The latest Government figures on the housing market suggest that prices rose more sharply last month than many observers expected. But the modest overall increase masks part of the market that is busier than it has been since 2001: the market for homes costing several million pounds.
Interest in the top end of the housing market is being boosted by the prospect of a generous bonus in the City, to be announced in the next few weeks. Much of the money is expected to go towards prime properties in London and the South East, as well as large country properties. But even the very wealthy may need to borrow money, and brokers are reporting a surge in applications for million-pound-plus mortgages.
"Bonus money is being spent on property," says Mark Harris, the managing director at brokers Savills Private Finance. "Someone with a bonus of £1m doesn't buy a property for £1m, but for £4m. You want the property that is just out of reach."
Nonetheless, the idea of buying a multi-million-pound property and funding a large part of the purchase through a mortgage is not the outlandish proposition it might have seemed a few years ago. But the lending market might not be keeping pace.
Some lenders are actively going after very large loans. Cheltenham and Gloucester, for example, has a mortgage fixed at 4.69 per cent until November 2008, with a minimum loan size of £1.5m. Given that the maximum loan to value on this mortgage is 90 per cent, the cheapest property Cheltenham and Gloucester will fund is £1.66m. The problem buyers of expensive properties will face is that, as their budgets increase, so the choice of lender narrows. For loans of £750,000, there are a dozen or so mainstream lenders. Move over the £1m mark and the number falls to seven or eight.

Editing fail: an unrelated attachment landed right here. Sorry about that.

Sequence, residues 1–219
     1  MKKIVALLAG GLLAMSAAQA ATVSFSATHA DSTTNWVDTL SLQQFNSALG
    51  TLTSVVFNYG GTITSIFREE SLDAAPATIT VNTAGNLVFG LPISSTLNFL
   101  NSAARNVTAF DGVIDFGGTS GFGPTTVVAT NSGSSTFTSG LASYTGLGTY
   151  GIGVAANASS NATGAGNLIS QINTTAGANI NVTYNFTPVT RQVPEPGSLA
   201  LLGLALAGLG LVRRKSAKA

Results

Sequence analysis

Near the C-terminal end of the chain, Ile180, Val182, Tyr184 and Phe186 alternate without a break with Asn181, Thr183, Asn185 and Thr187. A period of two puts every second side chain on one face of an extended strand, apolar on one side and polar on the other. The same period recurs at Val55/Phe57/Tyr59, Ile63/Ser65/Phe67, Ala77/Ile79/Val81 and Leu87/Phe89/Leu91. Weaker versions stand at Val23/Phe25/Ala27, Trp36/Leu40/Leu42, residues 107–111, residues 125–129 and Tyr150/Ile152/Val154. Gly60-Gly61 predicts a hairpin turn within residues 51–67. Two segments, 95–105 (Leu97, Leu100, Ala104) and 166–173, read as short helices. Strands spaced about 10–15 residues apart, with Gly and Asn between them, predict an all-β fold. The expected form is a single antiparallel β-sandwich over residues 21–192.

"You find that many of the building societies will stop lending at £500,000," says Harris. "The larger ones will lend up to £1m, but then it becomes the territory of the specialist lenders and the banks. The magic £1m figure has probably not been reviewed for 10 years. We are not seeing thousands of deals above £1m, but we are seeing more and more of them in London and the South East."
As most borrowers looking for very large loans are also putting down a sizeable deposit, it is still possible to find competitive interest rates. Paul Hearnden, of financial advisers Hearnden Associates, points out that most buyers of expensive homes have a deposit to put down of between 15 and 30 per cent. Even for a loan of over £1m, it is possible to find a tracker mortgage with a rate of 3.75 per cent.
But at the top end of the market, the interest rate is not the only factor that matters. City workers in particular can have irregular incomes, with a basic salary of £200,000 to £400,000, but with large bonuses on top. As a result, mortgages with the flexibility to make overpayments are important. "Over two to three years, many of these buyers are in a position to drastically reduce their mortgages," says Hearnden. "They want to make large overpayments, and they won't worry so much if that penalises them on rates."
Buyers at the top end of the property market might have other income streams, such as money from overseas, equities or share options. They may well borrow now, because it is cost-effective, but pay off some or all of the loan from other assets if interest rates rise. This makes fixed-rate mortgages less attractive.
And there is evidence that such buyers, especially in London, are borrowing money in order to buy now ahead of a possible bonus-driven price hike. "People in the City don't know what bonuses they will be getting yet, but they have a pretty good idea," says Harris. "That is giving them the confidence to look at properties now."
Much of the money is destined for the most upmarket parts of London, with older buyers more likely to look at country properties. Given the relative scarcity of top-end homes in these areas, the number of buyers borrowing £1m or more can only grow.Reuse content